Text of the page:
Two guests attended to provide more information:

  • Bec Swansson from Able Australia answered questions about how Covid rules affect Deafblind people’s access to commguides
  • Christy Walsh, a Disability Liaison Officer (DLO) explained that each region in Victoria has a DLO who can help you access testing and treatment
click for photos

Deafblind Awareness month 2022

This year for Deafblind Awareness month there were a number of activities at DBV:

At the event on June 15, there was a presentation by DBV’s Alex Sar about his experience coming to our group, building his skills and confidence, and joining the management committee. Claire Fraser from Able Australia ran an art activity with DBV’s Robert Lokmer taking photos. Claire will join the artwork made with others from around the country and display it at the Deafblind conference in Perth at the end of the month.

The highlight of the event was celebrating with SEDB, a Deafblind community group in South India who joined us via a video call from Bangalore. There were lots of questions from each group to the other, and we really felt like we had found kindred spirits in another part of the world.

Issues such as a shortage of interpreters were common to both groups. At DBV we felt sorry for the interpreters in Bangalore who were working simultaneously with two deafblind people, using (one-handed) tactile sign language, and continuing without a break! They were very interested in our interpreting tables and want to know how they can make their own. We look forward to staying in touch and collaborating in future.

Click for photos and videos

Deafblind mental health

Deafblind Victoria held a mental health event on 18th May 2022 that was attended by 14 Deafblind Victorians, and supported by 12 interpreters, 2 commguides, 2 DBV support staff, one Auslan student on work placement and one volunteer.

Trudy Ryall, a deafblind person who has experienced mental ill health, introduced the event, acknowledging the $1000 grant from the Deaf Mental Health trust fund (Ben Souter) that helped fund it. Many DBV members knew Ben and we think he would be proud to see our community coming together to look after deafblind mental health in his name.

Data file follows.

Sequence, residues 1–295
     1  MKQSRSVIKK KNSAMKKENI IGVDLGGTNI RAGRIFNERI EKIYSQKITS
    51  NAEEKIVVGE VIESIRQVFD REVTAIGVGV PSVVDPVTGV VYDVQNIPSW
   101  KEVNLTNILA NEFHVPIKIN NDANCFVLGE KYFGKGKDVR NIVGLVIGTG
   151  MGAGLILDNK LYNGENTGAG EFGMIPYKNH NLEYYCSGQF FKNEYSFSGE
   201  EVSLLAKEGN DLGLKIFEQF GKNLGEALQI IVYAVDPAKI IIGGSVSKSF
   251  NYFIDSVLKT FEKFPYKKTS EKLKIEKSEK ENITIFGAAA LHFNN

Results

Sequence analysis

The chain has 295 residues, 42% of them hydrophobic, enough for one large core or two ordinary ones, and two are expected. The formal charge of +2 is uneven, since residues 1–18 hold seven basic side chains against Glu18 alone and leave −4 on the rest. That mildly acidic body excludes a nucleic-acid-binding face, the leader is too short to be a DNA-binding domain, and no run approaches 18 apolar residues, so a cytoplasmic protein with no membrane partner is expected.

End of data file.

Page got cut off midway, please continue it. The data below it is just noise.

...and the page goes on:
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Craft group – card making and beanie making

Kathy and Rodney learn to make beanies

On Wednesday 13th of April, DBV had our monthly craft activity day. DBV members Debbie and Kathy taught the group how to make beautiful art cards.

We also had art therapist Kim visiting from Camberwell Community Centre to show the group how to knit their own beanies.

Enjoy the gallery of photos below. We look forward to seeing you all at the next DBV craft day on May 11th when DBV visit ArtVo.

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Recreation program – Luna Park

DBV members on the roller coaster at Luna Park

On Saturday the 26th of March, DBV members went for an exciting trip to Luna Park. It was a great day. Thanks Alex for coordinating the activity, and to all support people for helping make it a great day.

Enjoy the gallery of pics below. Photos taken by DBV member Robert. We hope to see you at the next DBV recreation activity! Check the what’s on page for updates.

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Craft group – Southbank and National Gallery

DBV members Richard and Debbie with communication guides, engaging with Aboriginal art at NGV.

On the 9th of March, 13 Deafblind Victoria members attended our monthly craft group activity.

We took a trip to Southbank for lunch, followed by a trip to the National Gallery of Victoria to explore their Exhibition called “Marking Time: Indigenous Art”.

Enjoy the photos taken by DBV members on the day.